Complex Synchronization Patterns in the Human Connectome Network
A major challenge in neuroscience is posed by the need for relating the emerging dynamical features of brain activity with the underlying modular structure of neural connections, hierarchically organized throughout several scales. The spontaneous emergence of coherence and synchronization across such scales is crucial to neural function, while its anomalies often relate to pathological conditions. Here we provide a numerical study of synchronization dynamics in the human connectome network. Our purpose is to provide a detailed characterization of the recently uncovered broad dynamic regime, interposed between order and disorder, which stems from the hierarchical modular organization of the human connectome. In this regime—similar in essence to a Griffiths phase—synchronization dynamics are trapped within metastable attractors of local coherence. Here we explore the role of noise, as an effective description of external perturbations, and discuss how its presence accounts for the ability of the system to escape intermittently from such attractors and explore complex dynamic repertoires of locally coherent states, in analogy with experimentally recorded patterns of cerebral activity.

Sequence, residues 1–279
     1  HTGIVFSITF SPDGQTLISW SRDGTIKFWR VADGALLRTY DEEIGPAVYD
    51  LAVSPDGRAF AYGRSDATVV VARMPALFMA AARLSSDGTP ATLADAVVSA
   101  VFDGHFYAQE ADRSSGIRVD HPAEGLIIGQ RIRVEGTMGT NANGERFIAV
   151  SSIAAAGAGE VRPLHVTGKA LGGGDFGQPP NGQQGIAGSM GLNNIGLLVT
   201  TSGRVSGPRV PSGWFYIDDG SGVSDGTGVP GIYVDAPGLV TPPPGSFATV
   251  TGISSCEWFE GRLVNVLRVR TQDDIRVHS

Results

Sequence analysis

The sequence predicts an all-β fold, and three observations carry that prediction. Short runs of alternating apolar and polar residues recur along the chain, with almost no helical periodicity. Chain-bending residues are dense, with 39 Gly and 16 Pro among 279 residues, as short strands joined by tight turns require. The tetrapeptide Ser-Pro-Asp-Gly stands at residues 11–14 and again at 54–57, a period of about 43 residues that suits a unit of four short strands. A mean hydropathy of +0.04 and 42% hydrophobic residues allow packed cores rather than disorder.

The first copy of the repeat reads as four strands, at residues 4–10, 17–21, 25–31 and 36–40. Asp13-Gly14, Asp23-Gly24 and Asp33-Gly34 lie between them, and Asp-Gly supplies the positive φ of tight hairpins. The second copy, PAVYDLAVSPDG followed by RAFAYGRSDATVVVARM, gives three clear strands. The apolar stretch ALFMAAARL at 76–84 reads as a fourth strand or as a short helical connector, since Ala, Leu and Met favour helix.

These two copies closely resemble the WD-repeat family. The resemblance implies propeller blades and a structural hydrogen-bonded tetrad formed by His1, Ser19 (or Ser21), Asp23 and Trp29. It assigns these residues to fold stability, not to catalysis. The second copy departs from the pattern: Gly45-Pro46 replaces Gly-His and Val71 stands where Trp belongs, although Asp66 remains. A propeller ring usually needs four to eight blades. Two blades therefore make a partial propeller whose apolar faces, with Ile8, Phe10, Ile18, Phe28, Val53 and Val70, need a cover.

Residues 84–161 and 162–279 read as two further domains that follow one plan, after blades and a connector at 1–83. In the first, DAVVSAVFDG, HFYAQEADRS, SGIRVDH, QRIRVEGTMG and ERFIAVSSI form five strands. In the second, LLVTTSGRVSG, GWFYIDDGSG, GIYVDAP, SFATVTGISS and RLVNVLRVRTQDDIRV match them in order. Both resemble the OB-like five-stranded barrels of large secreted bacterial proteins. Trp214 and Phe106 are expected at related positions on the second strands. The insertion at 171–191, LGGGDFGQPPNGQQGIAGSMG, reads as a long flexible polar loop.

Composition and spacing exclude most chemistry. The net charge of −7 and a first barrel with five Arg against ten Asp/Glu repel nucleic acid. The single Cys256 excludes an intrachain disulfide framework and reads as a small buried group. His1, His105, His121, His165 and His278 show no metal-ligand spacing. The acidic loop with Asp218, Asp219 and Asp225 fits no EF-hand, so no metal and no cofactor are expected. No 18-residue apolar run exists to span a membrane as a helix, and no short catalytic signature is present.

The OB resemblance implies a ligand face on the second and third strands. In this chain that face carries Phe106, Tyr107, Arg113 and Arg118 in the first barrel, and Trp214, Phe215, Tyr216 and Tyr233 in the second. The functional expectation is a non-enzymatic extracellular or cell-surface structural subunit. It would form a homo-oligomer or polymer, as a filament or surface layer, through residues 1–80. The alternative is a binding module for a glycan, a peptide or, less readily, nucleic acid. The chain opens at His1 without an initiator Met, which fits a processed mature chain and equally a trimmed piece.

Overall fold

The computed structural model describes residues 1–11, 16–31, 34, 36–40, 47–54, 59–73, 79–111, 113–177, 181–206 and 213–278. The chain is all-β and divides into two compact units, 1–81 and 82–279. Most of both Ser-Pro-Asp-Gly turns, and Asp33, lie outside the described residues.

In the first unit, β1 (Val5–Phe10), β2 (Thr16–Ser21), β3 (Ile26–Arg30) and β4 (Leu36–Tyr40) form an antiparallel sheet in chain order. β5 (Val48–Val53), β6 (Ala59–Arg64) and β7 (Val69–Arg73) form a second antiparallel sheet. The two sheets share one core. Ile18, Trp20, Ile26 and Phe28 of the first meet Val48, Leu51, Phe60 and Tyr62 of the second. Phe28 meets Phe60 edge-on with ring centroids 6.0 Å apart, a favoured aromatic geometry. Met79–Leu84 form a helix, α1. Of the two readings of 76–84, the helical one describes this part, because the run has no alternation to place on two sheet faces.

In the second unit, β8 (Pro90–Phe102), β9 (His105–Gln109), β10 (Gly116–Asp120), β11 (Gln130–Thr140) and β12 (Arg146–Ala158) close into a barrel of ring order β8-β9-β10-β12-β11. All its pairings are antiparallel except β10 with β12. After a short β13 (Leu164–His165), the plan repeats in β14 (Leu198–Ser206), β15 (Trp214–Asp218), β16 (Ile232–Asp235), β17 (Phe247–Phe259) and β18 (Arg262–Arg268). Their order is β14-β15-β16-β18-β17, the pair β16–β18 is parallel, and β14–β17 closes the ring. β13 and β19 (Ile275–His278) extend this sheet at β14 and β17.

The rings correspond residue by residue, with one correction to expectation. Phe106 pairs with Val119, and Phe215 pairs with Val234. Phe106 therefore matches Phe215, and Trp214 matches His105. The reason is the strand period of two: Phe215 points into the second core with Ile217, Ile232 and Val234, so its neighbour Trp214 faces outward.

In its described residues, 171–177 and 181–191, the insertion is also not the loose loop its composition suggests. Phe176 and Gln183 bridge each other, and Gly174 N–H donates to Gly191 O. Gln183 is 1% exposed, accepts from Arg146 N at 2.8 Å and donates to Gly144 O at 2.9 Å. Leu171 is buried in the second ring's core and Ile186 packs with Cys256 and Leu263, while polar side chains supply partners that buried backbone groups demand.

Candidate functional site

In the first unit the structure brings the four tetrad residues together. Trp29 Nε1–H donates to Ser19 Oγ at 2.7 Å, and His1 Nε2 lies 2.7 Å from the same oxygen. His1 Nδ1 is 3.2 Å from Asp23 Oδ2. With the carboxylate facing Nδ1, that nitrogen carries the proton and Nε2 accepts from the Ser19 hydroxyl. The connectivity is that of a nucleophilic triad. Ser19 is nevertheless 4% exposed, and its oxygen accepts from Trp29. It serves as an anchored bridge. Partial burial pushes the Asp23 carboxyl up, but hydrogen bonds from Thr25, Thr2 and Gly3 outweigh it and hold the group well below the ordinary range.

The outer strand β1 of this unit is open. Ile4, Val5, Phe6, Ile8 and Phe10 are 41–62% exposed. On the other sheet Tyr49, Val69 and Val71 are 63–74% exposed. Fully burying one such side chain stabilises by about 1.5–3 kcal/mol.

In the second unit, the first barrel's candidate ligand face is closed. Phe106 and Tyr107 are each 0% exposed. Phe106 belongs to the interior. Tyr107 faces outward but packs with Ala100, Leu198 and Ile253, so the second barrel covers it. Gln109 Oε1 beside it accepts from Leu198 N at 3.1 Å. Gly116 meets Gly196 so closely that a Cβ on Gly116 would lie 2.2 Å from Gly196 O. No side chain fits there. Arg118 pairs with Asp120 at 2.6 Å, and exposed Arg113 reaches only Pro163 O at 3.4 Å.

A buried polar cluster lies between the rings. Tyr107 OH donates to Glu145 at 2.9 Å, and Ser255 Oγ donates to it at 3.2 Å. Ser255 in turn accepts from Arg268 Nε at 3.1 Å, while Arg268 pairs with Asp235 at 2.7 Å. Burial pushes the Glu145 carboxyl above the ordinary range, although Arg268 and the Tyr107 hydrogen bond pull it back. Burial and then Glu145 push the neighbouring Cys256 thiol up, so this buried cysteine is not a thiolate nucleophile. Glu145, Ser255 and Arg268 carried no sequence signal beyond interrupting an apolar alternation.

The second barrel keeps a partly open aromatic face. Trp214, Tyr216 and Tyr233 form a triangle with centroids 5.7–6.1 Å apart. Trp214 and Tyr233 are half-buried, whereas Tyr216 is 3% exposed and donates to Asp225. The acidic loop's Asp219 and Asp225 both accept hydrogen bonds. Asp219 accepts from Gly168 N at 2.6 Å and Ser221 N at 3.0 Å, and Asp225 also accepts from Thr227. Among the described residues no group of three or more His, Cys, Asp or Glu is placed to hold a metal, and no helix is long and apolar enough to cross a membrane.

KeywordsCoherent State Noise Amplitude Connectivity Matrix Intermediate Regime Intrinsic Frequency
We acknowledge financial support from J. de Andalucía P09-FQM-4682 and the Spanish MINECO FIS2012-37655-C02-01 and FIS2013-43201-P.
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